With a striking wisp of color topping their head and its tail painted to match, this mostly white cat is one of the rarest in the world. Let us introduce you to the Turkish Van.
The Origin Story
The Turkish Van is a breed with a rich history. They are known as one of the oldest breeds in the world and also one of the rarest! Thought to have emerged organically from southwest Asia near a secluded lake known as ‘Lake Van’ in Turkey.
The Turkish Van is also known as just ‘The Van.’ Formally known as the ‘Turkish Cat’ upon their initial discovery, people often confused the Turkish Van with the Turkish Angora. The term ‘Van’ was added at the end of the name to differentiate the two cat breeds.
The Turkish Van is believed first to be introduced in the story of Noah’s Ark; As Noah began to pair animals two by two upon his arc, a pair of what later would be known as Turkish Vans boarded. During the journey, it is said that the two cats jumped into the water and swam towards the closest shore. Once the rain had diminished, the cats began to walk across the land, eventually making a home in Lake Van.
Though being a newer breed in North America, the Turkish Van has ties back to between 6,000 BC and 3,000 BC. Further confirming the title of the Van being a part of the oldest breeds still populating the world. This is also evident in artifacts depicting cats that surprisingly resemble the Turkish Van. Around the time of the Crusades, people believe that soldiers and explorers helped bring the Vans to Europe upon returning from war.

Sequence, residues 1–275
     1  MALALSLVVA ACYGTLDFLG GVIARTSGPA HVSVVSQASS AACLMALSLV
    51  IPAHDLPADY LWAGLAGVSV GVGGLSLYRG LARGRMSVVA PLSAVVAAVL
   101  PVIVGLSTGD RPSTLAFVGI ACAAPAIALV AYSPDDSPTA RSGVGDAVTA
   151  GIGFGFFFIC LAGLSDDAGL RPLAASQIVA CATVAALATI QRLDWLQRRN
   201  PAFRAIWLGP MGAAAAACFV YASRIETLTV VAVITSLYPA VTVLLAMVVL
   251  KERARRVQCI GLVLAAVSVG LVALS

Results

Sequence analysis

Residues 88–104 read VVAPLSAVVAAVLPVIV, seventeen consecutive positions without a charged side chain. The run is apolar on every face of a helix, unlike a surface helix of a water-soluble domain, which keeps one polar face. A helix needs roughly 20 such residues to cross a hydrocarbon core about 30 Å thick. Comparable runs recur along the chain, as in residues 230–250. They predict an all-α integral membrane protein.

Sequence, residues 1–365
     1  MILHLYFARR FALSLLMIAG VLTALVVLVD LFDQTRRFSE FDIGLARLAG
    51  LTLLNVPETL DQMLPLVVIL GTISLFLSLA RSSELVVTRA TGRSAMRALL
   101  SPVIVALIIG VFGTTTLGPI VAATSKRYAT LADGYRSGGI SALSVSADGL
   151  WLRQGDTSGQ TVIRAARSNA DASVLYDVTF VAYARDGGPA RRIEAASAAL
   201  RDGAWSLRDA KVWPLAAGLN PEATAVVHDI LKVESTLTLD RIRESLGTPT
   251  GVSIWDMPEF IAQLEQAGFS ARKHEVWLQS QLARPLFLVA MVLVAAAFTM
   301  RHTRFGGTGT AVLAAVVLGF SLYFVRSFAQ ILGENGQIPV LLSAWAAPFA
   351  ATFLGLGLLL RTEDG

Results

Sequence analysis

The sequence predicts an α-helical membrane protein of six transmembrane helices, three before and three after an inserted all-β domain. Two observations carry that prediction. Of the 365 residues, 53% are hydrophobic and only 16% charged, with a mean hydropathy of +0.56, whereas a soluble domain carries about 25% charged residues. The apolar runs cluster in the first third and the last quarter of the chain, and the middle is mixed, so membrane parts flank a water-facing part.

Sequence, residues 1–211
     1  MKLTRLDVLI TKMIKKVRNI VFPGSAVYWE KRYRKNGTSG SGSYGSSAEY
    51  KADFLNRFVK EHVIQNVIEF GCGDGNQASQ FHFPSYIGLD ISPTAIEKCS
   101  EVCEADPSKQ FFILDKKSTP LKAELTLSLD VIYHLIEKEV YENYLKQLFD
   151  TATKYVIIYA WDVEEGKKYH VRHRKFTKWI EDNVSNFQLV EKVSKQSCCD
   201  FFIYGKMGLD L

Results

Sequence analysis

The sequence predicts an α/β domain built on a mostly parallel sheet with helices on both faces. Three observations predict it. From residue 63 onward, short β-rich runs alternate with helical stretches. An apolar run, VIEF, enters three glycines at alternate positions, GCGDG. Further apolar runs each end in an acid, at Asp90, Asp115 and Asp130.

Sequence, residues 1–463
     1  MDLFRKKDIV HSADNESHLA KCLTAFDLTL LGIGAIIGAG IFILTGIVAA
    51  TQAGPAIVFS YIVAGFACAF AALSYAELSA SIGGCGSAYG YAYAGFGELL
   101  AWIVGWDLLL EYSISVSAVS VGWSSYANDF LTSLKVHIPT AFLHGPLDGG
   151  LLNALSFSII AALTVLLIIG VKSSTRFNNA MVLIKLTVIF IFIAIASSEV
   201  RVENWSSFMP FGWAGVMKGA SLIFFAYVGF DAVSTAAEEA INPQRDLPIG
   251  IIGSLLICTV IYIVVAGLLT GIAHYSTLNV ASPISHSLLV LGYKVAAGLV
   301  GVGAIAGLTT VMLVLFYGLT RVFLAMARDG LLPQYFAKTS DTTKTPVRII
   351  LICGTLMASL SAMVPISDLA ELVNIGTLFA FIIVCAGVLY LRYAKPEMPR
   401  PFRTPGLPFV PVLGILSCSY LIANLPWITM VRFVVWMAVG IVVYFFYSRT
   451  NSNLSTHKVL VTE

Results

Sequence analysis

The Modern history of the Van starts with Sonia Halliday and Laura Lushington, two British photographers sent by the Turkish Tourist Association to photograph Lake Van in 1955. Upon finishing their assignment, the two were gifted two unrelated Turkish Vans with the now infamous ‘Van pattern.’ When the British photographers returned to The United Kingdom, the two cats mated and were used as the base-lineage for Turkish Van cats in England. The Van wasn’t officially introduced to America until 1982.
Today the Turkish Van is being protected by the Turkish College of Agriculture in contact with the Ankara Zoo located in Ankara, Turkey. The Ankara Zoo also breeds and helped save the Van’s cousin, the Turkish Angora, from extinction. The Van breed is no longer authorized to be transported from Turkey. Today most Turkish Vans are bred from Europe and America. According to the CFA(Cat Fanciers’ Association), around 100 Turkish Vans are born in The United States a year, which is why the Van is one of the rarest cat breeds in the world to this day.